University Theatre’s production of “Twilight Bowl” by Rebecca Gilman opened Friday, taking a slice of Wisconsin life and bringing it to the stage.

With Jessica Fisch’s brilliant direction, Arianna White’s hyper-detailed scenic design, and the strong ensemble’s thoughtful performances, University Theatre created a show that was an intriguing portrait of lives generally easy to overlook.

Set in the bar of a bowling alley in Reynolds, Wisconsin, the show focused on five young Wisconsin women — and one from a Chicago suburb — facing different paths of adulthood over the course of two years.

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The show felt true to the contrasting post-high school lives of people growing up in small Wisconsin towns, resonating with many students in the audience. Hometown hero Sam (Bri Hunter) is a high school bowling star gearing up to attend Ohio State on a scholarship. Her cousin Jaycee (Erika Marks), on the other hand, is soon to be incarcerated after selling prescription drugs to help her dad. There’s Clarice (Shasparay Lighteard) who works multiple low-paying jobs and the devout Christian Sharlene (Zhiyun Zhao) who loves her friends, though their profanities make her uncomfortable.

There’s even the Chicago suburbs outsider Maddy (Erin Wathen), who does not realize how arrogant she sounds by calling “Ohio State” her safety school when talking to the self-supporting Brielle (Alexandria Chapes), who had to leave University of Wisconsin-Platteville because it was too expensive. Maddy’s humble brags about the “careerism” of New Trier High School — one of the richest school districts in Illinois and the whole country — brought well-knowing chuckles from the audience.

Though all the characters besides Maddy come from the same place, the “different lanes” show what privileges they do and do not have. One example of this is cousins Sam and Jaycee. Sam, the bowling star, blames Jaycee for going to jail, claiming that Jaycee did not “apply herself” like Sam did. But Sam did not consider that her upbringing allowed her safety and support that Jaycee never had.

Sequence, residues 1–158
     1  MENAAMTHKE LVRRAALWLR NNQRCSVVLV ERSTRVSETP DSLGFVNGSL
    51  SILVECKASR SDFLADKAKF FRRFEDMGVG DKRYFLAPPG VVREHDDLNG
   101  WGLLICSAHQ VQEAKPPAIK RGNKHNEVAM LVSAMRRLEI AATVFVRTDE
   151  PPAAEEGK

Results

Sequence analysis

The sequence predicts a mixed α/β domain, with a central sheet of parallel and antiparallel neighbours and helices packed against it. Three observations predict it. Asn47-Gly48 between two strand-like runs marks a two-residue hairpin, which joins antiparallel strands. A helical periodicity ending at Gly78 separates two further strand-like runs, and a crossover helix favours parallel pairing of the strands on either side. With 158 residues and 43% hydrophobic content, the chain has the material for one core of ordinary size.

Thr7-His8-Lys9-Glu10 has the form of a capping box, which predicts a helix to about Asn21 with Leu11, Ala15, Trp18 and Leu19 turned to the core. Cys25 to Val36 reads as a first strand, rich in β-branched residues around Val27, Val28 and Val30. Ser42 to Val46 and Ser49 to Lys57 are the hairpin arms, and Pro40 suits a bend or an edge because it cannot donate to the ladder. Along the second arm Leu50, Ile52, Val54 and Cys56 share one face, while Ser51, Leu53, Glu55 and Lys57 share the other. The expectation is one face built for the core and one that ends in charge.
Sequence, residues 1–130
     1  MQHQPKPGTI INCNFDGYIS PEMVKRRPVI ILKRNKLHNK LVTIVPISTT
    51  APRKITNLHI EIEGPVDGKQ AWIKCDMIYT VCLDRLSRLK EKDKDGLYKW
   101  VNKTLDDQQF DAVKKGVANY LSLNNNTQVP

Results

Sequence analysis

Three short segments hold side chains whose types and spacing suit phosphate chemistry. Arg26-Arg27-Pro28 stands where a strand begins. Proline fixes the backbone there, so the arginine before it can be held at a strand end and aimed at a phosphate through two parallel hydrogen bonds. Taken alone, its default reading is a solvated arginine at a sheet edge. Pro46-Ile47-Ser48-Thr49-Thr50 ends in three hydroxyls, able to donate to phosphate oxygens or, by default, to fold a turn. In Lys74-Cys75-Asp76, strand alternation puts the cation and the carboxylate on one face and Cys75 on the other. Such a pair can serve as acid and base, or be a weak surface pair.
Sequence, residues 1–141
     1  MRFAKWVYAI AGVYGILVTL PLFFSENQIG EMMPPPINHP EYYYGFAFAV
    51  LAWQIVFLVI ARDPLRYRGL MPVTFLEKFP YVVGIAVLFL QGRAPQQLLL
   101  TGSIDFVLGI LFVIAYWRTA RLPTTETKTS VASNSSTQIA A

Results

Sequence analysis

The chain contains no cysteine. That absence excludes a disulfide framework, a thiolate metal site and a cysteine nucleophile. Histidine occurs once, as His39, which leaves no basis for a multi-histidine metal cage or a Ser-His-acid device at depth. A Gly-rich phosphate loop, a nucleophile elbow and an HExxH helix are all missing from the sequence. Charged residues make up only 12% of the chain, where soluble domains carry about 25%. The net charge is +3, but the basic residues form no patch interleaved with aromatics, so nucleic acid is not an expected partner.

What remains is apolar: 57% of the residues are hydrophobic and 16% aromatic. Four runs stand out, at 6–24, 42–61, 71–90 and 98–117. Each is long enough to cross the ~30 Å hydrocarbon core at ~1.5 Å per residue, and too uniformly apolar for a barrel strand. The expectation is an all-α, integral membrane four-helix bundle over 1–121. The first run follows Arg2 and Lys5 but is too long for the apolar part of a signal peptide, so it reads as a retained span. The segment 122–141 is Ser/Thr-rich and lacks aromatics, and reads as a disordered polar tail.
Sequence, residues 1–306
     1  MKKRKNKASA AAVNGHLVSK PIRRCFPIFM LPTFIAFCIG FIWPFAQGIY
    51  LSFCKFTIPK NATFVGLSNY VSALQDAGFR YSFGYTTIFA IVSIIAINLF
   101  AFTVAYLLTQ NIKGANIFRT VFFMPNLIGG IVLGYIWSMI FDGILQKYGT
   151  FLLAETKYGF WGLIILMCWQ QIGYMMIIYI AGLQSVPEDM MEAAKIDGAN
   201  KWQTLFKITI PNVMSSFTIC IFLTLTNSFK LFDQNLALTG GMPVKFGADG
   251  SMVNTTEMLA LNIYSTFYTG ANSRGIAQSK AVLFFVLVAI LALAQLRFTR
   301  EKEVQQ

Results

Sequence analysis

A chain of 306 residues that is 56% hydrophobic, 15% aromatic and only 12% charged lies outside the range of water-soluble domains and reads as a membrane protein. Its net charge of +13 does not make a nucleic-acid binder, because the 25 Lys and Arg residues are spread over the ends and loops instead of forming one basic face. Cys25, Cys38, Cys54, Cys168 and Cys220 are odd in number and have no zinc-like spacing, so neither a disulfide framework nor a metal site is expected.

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Throughout the show, the characters all demonstrate moments of blindness to their own privileges and others’ pain. Chapes said this contributes to the play’s overall theme.

“I hope that people seeing the show take a moment to think about how they connect with other people,” Chapes said.

It was easy to forget that the play featured an all-female ensemble, simply because the characters felt so real. Gilman wrote fleshed-out and complicated characters for the talented cast to connect with. Marks noted that they spoke vulgarly, which is how women actually talk. Typical roles for female actresses do not always represent that.

“This play is about the real relationships that women have,” Marks said. “I think that’s important. I think it’s important for women who are seeing this to know it’s not taboo to be themselves.”

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The play is part of the Big Ten Theatre Consortium New Play Initiative, an effort to commission a series of plays by American female playwrights. Prior to its run at UW, “Twilight Bowl” had its premiere at University of Iowa and received an additional production at the prestigious Goodman Theater in Chicago.

In addition to the female playwright and cast, almost the entire design team was female as well, from the sound, props, and lighting to the dramaturgy and costumes.

“The amount of girl power that went into this show is insane,” Marks said.

“Twilight Bowl” runs April 11 through 28 in the Gilbert V. Hemsley Theatre in Vilas Hall. Student tickets are $15. To purchase tickets, visit artsticketing.wisc.edu, or visit the Vilas Hall or Memorial Union box office.